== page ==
A network of traffickers, who had been operating between Malaysia and China for more than twenty years, was shut down in 2017, thanks to the work of our undercover investigators and PERHILITAN – the Malaysian Department of Wildlife & National Parks.
Wildlife Justice Commission investigators worked with PERHILITAN to expose the trade and Malaysian authorities arrested twelve people identified by the WJC investigations.
It is estimated that there are only 3890 tigers left in the wild.1 In the last ten years more than a million pangolins have been illegally traded.2 During the raids in Malaysia officials seized scales from endangered pangolins; tiger skins, bones, claws and teeth; elephant ivory and hornbill beaks, including the casque from Helmeted Hornbill. Helmeted hornbills are critically endangered, due to their prized casque known as ‘red ivory’ that is traded at five times the price of ivory.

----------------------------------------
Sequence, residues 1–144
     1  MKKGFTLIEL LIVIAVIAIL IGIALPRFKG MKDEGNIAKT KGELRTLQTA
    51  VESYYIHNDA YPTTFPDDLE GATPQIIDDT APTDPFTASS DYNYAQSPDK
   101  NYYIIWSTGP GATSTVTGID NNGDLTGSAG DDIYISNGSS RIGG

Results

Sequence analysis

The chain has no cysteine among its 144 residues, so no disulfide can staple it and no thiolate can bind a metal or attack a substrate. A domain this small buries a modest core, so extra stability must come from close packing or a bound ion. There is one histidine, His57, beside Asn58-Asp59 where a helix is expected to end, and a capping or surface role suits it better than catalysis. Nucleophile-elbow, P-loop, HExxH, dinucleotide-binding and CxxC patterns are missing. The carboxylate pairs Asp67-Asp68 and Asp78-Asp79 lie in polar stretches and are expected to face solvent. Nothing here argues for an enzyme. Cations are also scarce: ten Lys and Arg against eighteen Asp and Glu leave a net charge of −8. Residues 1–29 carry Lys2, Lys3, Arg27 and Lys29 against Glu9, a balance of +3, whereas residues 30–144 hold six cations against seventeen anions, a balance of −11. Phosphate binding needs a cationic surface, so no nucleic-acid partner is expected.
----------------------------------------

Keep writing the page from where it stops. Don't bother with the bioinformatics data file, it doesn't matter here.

The undercover operation presented so much undeniable evidence that all those arrested were convicted. Three of those arrested were found with more than 400 kg of elephant ivory. All three were given suspended jail sentences and fines of more than USD 20,000 each.
Operation Chameleon not only shut down a long-running transnational organized wildlife crime network, it also opened up a stronger partnership with PERHILITAN.